What’s to worry about California taking on Data Privacy Rights legislation that aims to protect the individual’s data and punish businesses that make their cash by peddling it? Well, it seems that if you Google “California GDPR”, ironically you might find results indicating that Google is none-too-happy, for one. Yes, that’s right, California has passed, in lightening speed, comprehensive user data privacy legislation that looks quite a bit like GDPR from the EU. According to a recent article in The Register:

“The legislation will give new rights to the state’s 40 million inhabitants, including the ability to view the data that companies hold on them and, critically, request that it be deleted and not sold to third parties. It’s not too far off Europe’s GDPR.

Any company that holds data on more than 50,000 people is subject to the law, and each violation carries a hefty $7,500 fine. Needless to say, the corporations that make a big chunk of their profits from selling their users’ information are not overly excited about the new law.”

This law, that was signed by Gov. Jerry Brown on June 28th, 2018, appears to apply to any company…. not just those doing business in California. Essentially, if you have Californians’ data, prepare to get audited. What’s fully included in the scope of the law can take a while to digest, but here’s a quick snippet of the biggies:

(h) People desire privacy and more control over their information. California consumers should be able to exercise control over their personal information, and they want to be certain that there are safeguards against misuse of their personal information. It is possible for businesses both to respect consumers’ privacy and provide a high level transparency to their business practices.

(i) Therefore, it is the intent of the Legislature to further Californians’ right to privacy by giving consumers an effective way to control their personal information, by ensuring the following rights:

(1) The right of Californians to know what personal information is being collected about them.

(2) The right of Californians to know whether their personal information is sold or disclosed and to whom.

(3) The right of Californians to say no to the sale of personal information.

(4) The right of Californians to access their personal information.

(5) The right of Californians to equal service and price, even if they exercise their privacy rights.

Reading the snippet, there are two huge takeaways that pop out immediately:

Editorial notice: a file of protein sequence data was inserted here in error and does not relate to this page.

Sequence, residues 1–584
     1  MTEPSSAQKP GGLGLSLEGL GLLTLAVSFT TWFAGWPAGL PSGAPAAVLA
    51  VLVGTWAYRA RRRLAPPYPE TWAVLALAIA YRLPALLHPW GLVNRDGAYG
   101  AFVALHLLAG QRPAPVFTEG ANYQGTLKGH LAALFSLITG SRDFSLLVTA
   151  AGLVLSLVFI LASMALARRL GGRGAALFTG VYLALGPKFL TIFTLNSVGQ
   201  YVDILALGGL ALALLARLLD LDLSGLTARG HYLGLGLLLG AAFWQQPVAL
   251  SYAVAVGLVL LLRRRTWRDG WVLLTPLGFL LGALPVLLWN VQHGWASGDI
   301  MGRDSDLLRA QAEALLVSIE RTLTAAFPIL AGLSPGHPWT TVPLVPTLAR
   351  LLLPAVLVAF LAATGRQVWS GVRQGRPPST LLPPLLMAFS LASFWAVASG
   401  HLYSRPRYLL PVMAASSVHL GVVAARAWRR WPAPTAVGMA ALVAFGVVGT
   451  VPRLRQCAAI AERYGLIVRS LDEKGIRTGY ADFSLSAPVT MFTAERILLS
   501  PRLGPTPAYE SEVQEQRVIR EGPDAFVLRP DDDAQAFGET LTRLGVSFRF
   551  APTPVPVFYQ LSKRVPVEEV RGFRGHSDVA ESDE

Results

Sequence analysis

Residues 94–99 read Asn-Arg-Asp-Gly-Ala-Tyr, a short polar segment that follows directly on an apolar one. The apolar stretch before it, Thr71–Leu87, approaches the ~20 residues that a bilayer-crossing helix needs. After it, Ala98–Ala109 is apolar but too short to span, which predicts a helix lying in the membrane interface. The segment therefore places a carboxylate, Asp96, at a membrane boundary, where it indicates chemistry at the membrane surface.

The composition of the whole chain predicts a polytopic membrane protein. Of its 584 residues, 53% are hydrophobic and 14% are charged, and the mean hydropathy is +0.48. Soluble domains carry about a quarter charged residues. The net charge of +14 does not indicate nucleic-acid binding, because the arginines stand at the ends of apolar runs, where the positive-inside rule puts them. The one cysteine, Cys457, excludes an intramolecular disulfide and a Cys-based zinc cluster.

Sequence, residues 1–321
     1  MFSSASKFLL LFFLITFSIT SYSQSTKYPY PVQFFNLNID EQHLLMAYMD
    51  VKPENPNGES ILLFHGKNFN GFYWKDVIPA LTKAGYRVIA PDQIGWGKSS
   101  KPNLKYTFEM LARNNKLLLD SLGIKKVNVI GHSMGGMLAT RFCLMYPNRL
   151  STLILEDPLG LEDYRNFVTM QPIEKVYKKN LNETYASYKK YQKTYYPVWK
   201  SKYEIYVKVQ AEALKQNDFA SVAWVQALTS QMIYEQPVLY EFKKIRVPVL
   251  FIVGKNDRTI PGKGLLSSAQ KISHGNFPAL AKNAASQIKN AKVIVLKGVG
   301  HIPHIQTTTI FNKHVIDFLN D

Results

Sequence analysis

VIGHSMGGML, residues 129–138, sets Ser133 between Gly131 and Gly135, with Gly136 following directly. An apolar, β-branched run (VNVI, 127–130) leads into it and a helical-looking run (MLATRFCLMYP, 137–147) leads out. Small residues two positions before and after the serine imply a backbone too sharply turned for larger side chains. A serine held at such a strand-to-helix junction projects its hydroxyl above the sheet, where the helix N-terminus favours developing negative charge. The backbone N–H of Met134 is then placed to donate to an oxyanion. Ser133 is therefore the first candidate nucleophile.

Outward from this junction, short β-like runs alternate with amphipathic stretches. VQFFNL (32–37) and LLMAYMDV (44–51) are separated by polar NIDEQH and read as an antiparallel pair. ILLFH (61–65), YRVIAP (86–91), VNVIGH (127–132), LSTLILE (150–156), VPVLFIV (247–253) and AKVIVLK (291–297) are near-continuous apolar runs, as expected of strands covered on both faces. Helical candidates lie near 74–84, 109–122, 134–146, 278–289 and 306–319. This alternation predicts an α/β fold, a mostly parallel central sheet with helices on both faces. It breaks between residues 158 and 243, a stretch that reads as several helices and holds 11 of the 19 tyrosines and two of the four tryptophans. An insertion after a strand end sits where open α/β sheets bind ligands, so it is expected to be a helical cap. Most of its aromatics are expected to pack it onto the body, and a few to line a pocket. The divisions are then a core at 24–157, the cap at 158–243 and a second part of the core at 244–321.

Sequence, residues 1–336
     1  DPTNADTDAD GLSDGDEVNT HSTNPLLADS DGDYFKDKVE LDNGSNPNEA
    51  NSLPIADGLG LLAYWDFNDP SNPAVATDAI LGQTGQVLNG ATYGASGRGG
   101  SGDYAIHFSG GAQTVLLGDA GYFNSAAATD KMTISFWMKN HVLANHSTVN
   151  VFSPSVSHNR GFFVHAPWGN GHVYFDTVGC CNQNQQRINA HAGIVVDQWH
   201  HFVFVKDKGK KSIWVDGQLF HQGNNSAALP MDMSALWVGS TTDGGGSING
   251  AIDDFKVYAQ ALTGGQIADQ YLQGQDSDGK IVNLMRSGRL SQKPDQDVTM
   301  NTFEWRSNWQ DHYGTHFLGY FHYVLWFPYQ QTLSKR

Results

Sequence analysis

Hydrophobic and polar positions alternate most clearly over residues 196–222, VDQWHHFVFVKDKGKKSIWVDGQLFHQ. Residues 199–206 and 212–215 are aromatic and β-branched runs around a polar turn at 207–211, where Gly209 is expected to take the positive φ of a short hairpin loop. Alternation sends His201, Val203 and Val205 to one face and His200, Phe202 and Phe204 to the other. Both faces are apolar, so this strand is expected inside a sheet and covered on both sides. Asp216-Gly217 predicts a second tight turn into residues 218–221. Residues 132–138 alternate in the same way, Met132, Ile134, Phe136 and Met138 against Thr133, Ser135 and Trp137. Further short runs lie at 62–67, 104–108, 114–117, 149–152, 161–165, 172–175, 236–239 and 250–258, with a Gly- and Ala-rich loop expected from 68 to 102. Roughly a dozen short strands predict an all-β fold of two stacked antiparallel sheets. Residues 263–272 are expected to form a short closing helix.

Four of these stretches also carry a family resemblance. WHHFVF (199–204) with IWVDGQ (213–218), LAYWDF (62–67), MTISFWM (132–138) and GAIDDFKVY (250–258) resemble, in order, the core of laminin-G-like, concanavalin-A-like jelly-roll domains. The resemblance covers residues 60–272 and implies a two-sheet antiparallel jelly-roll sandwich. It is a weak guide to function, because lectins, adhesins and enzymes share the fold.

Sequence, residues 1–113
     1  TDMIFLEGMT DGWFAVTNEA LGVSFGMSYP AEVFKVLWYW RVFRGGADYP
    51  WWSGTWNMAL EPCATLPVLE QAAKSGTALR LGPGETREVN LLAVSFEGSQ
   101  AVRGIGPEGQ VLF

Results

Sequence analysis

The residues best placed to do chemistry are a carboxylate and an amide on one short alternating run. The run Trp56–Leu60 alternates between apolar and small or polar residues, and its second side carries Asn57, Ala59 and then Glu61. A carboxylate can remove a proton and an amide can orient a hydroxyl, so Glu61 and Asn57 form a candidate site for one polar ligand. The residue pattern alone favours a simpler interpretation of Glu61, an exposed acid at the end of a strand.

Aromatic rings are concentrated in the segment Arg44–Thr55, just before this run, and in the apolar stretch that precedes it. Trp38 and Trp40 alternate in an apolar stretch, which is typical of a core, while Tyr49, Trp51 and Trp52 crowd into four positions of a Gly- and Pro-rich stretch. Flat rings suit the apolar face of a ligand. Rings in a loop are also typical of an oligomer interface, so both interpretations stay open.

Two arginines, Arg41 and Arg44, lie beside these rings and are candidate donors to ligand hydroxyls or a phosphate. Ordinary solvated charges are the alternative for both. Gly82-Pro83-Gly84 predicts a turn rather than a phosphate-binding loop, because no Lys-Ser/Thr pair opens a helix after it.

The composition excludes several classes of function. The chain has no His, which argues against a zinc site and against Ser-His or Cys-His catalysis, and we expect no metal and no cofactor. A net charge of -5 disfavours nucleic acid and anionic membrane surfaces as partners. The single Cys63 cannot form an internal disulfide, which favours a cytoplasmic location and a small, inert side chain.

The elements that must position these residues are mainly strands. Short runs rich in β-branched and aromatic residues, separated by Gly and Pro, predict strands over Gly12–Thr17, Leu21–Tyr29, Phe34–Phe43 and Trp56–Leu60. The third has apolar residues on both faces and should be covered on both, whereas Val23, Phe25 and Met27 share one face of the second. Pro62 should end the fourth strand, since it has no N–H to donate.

1. Just look at the data lineage (movement) complexity involved here. We’re talking seriously strict data management – heavy duty and fully matured. How have you implemented anything like this? How would you even start?

2. Just like with smog control, automotive safety and workplace safety standards, you can be sure that what California has passed here will be adopted by many other states or even at the Federal level. It’s not so clear that the proverbial head in the sand approach is going to be a sound long-term strategy here – check the magic 8 ball – yeah, all signs point to: “outlook not so good”. How can you be sure that this doesn’t and won’t ever apply to your organization? Given that, what might be your long-term strategy?

While larger companies have the cash to lobby and fight for change in this legislation, the rest of the business community will just have to abide the law. So, suppose for a second that you’re a business leader with several million customer (user) records that you use for marketing and analytics. You don’t have a complete understanding of how you might be at risk of an audit – and failing said audit. What to do? Well, assuming the cost of ignoring the law and paying the penalties is too steep, here’s a multi-part plan to adopt.

1. Know the law
2. Build a strategy
3. Implement a minimum viable approach
4. Discover your data
5. Ensure you can pass the audit
6. Repeat step 1 through 6

Wow, not that bad, but this is high-level stuff. Still, there are two key areas that touch on the tactical matter of user data localization that we should briefly cover, and believe it, locating the data is the first step in figuring out if this law applies to you. Still, consider as part of your strategy, the data locality question and then approach it with a minimum viable approach, that is, find something that can easily find and identify your data. How do you do this?

The main problem here is data lineage. Well, let’s take a step back, it’s first about identifying where the data is – this starts with an inventory of your systems. The ability to quickly identify and map out master data for visual inspection in a logical and intuitive manner is well within the reaches of modern graph database solutions. Understanding that you must do this is the “why”, then understand the mapping is the “what”, and the “how” is with a graph database solution.

Knowing where the data is and how it moves across your organizational systems as it’s used for business purposes is key.

With this model solution in place, your organization could quickly visualize and prove that your meaningful implementation of a responsible customer user data infrastructure abides by the law.

Here you can see just how easily one could view and understand the locality, movement and relationships of various data elements. With this approach, one could very quickly determine all the instances of a single user relative to their data location and purpose within a simple view.

However, this is by no means a cheap and simple solution. A solution like this has got to be something worth considering, weighing the costs over the risks, before even trying out. Having said that, this type of graph-based solution can be very effective in demonstrating compliance with the law.

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